No, I am not talking about someone who hunts New York Mets for sport. It’s the backstop position, and I thought it would be worth checking in again on the state of the team’s offensive production from behind the plate.
As I suggested a few weeks ago, the advantage Ronny Paulino held over Josh Thole offensively was likely to be ephemeral, and didn’t support using Paulino regularly against righties instead of a strict platoon. Indeed, that reality has become clearer. At the time I wrote that piece, Paulino held an overall .790 to .660 OPS advantage over Thole. A month later, Paulino barely leads Thole, .707 to .680.
That isn’t, however, because Paulino is useless offensively, or that Thole is suddenly the new Mike Piazza. It is simply a reinforcement of something we know, based on career norms- that Ronny Paulino mashes lefties, struggles against righties- and something we suspect- that while Josh Thole can hit righties well, he struggles against lefties.
In other words, the perfect platoon.
Paulino’s .707 OPS is right in line with his career mark of .710. If anything, he is underachieving against lefties, with a .776 OPS this season, and a career mark of .868 against them.And his struggles over the past few weeks shouldn’t come as any great surprise- Paulino has been increasingly deployed against righties. And he doesn’t hit righties well- a .638 OPS career mark against them. Yet 60 percent of his plate appearances in 2011 have come against them.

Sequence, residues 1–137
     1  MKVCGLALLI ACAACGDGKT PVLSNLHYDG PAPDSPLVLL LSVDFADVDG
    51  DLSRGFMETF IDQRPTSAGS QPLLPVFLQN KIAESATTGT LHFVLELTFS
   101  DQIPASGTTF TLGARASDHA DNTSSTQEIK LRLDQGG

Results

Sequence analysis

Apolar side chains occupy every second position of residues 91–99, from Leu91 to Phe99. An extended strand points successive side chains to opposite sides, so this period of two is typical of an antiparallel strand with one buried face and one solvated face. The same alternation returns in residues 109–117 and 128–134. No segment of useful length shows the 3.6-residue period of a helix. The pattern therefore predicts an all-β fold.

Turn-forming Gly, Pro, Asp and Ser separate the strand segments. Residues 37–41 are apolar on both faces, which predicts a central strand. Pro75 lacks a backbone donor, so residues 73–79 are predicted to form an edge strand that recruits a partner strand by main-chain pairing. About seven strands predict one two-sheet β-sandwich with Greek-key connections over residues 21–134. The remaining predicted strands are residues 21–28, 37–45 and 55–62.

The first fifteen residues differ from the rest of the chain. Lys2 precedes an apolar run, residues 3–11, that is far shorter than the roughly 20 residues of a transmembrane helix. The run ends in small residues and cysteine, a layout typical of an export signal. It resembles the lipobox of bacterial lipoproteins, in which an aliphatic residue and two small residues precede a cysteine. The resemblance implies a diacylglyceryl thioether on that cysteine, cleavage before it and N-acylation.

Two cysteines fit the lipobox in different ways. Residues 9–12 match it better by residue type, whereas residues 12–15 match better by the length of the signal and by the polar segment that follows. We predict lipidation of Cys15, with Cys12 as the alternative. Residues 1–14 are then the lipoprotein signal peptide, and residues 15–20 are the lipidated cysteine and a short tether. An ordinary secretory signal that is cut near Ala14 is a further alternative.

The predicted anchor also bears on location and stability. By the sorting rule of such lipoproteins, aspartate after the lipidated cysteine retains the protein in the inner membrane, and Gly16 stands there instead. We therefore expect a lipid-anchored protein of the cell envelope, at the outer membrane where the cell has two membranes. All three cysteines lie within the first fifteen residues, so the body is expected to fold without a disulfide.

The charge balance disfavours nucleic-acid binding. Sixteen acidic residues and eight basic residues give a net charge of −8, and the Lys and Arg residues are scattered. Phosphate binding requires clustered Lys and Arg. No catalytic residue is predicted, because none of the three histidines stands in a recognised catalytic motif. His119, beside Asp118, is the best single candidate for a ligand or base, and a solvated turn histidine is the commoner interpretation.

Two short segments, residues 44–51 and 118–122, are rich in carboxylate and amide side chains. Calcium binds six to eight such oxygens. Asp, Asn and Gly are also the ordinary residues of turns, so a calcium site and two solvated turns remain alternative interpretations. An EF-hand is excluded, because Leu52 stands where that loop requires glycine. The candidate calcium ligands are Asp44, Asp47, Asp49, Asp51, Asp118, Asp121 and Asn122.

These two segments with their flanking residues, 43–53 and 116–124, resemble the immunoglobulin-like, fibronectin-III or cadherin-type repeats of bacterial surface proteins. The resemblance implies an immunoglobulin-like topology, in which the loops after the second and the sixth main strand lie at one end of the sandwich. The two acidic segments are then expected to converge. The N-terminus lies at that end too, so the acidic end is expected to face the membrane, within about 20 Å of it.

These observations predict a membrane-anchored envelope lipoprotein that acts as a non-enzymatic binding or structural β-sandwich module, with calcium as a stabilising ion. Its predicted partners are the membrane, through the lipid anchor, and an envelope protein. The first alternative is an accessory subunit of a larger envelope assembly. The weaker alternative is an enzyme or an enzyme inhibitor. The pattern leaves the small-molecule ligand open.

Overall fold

Thole, meanwhile, is at .707 against righties, .491 against lefties this year. I still maintain that Thole hasn’t played enough against lefties for anyone to form conclusions about his abilities against them-72 plate appearances over three years against left-handed pitching simply isn’t determinative. But we do have enough evidence that he can hit righties in the major leagues- a .746 OPS in 483 career plate appearances.
As a whole this year, the Mets have received a .706 OPS from their catchers- essentially, right at the .705 National League average OPS for catcher. That is okay, considering the total cost of less than $2 million this year for Thole/Paulino.
But a more optimal use of both would improve that number significantly. Though it is functionally impossible to do this, if Thole only faced righties, and Paulino only faced lefties, Thole would receive about 75 percent of the playing time. The production would average out to, therefore, around a .724 OPS based on the pair’s 2011 numbers, and a .777 OPS based on career numbers, which is probably more accurate. And while 100 percent isn’t possible, it certainly is possible to come much closer to that than the Mets have in 2011.
The point is, the Mets are pretty set at catcher, especially if Paulino can be re-signed for similar dollars to his 2011 deal. All the Mets need to do is properly deploy the platoon they’d planned on all along.